Powering the Velorex is a 343cc Jawa twin-cylinder, air-cooled engine, producing 16hp. This power is sent to the rear wheel via a 4-speed manual transmission and chain drive. With no reverse gear in the transmission, this is one of the areas that create some interest with the Velorex. The engine employs a system called “Dynastarter.” This allows the engine to start and run in its reverse direction, theoretically providing both four reverse gears, and the same potential top speed traveling both forwards and backward. The top speed for the Velorex was around 55mph, but a cruising speed of 35mph was more realistic. One mechanical advantage with this vehicle is that with Jawa motorcycles having been imported into the USA, parts are surprisingly easy to source. The car currently doesn’t run, but hopefully, it shouldn’t take a lot of work to get it mobile once again.

It would be both easy and tempting to fill this article with jokes about the Velorex, but I have avoided most of these for good reason. The company managed to produce around 12,000 of its 16/350 model, with the majority being sold in Eastern Bloc countries such as Hungary, Poland, and East Germany. It is believed that no more than a dozen examples have found their way into the USA, making them a rare sight on our roads. Restoration of these is potentially very easy, and restored examples can sell for some surprising prices. I found one that sold recently that was nice, but not perfect. The owner managed to snare $18,500 for that car. That would tend to indicate that this is a project car that makes good financial sense. It also looks like it would be a hoot to drive once restored. However, if you choose to drive it in reverse at top speed, I will happily watch from a safe distance.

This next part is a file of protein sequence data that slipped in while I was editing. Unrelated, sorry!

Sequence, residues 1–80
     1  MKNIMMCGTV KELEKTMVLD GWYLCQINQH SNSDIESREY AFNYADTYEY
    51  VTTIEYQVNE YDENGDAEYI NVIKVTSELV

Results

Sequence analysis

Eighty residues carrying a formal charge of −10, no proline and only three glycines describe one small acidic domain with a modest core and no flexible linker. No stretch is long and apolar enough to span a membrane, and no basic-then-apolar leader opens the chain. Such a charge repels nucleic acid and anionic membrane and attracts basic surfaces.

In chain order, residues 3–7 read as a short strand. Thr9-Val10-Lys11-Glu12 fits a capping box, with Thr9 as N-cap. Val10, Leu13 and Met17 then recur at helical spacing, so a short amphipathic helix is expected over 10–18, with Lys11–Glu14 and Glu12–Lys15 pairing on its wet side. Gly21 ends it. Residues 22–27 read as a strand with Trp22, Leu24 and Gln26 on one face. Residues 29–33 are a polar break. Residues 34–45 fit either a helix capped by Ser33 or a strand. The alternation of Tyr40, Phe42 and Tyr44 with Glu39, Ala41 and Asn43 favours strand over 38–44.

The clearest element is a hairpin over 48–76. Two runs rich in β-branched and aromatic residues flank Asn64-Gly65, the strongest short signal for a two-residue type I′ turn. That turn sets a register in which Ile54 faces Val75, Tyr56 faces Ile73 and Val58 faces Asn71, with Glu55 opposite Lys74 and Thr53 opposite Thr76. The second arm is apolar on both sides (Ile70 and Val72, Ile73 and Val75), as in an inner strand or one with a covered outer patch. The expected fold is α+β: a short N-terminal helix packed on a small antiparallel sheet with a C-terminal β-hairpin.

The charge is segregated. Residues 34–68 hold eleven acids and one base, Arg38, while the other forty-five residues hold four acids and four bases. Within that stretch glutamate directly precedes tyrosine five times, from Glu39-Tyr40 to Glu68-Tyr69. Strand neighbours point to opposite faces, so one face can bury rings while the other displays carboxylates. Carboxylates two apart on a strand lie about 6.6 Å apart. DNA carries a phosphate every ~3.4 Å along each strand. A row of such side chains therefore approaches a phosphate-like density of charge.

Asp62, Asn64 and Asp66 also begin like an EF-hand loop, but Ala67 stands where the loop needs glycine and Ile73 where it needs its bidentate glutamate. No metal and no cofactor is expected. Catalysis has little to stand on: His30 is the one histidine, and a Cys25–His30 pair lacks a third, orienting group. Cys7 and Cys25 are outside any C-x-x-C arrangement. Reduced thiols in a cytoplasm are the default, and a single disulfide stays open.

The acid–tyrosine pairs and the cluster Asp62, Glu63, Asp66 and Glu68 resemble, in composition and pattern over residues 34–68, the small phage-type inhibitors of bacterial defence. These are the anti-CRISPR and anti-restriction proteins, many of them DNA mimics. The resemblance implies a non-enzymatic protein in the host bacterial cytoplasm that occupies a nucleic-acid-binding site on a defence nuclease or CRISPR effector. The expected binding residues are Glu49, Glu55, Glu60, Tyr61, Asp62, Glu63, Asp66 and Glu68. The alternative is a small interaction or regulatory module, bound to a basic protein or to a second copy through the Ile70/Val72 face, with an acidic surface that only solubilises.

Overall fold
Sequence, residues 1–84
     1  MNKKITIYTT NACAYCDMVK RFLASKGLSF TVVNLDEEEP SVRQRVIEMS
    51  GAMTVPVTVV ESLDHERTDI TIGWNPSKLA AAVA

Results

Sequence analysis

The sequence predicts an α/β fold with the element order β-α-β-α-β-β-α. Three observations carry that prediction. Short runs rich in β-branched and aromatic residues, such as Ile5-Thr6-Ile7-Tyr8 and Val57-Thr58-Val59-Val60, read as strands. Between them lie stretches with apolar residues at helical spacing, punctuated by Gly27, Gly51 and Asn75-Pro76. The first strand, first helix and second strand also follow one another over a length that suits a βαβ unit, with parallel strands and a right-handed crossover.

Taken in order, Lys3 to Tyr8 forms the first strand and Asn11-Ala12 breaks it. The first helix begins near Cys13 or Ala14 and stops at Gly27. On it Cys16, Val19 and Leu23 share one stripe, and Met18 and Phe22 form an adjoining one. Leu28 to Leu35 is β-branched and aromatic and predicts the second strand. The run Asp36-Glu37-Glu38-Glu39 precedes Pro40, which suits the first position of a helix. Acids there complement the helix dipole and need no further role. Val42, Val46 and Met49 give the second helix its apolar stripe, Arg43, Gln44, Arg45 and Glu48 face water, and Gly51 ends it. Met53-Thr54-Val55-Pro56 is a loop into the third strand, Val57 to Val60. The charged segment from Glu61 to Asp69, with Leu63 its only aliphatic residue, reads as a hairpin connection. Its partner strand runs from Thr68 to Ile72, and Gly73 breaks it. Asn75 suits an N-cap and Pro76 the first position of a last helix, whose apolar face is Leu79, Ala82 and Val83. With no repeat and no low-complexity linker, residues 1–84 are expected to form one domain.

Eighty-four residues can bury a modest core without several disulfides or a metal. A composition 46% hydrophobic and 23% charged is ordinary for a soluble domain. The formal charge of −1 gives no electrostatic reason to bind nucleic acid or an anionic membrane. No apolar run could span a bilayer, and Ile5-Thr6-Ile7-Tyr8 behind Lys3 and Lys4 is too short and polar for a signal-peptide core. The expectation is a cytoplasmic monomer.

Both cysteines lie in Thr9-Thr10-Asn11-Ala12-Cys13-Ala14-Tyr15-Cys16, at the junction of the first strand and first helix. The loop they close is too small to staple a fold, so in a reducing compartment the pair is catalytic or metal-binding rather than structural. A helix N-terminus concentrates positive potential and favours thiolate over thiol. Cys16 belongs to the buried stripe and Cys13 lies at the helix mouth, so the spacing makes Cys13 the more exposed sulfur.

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  1. Andy

    In case you couldn’t tell, Velorex’s main product was sidecars, and they were affiliated with Jawa so the engines were easy to source. This engine is probably identical to the one I had in my Jawa Californian; it would just about hit 70 in a 300 pound bike. There are still thousands of Jawas buzzing around Cuba and it probably wouldn’t be hard sneaking the odd piston or Jikov main jet into your luggage. This is a funky car.

    Like 4
  2. Fahrvergnugen Fahrvergnugen Member

    SBC. Becuz why not.

    Like 6
  3. Shawn Fox Firth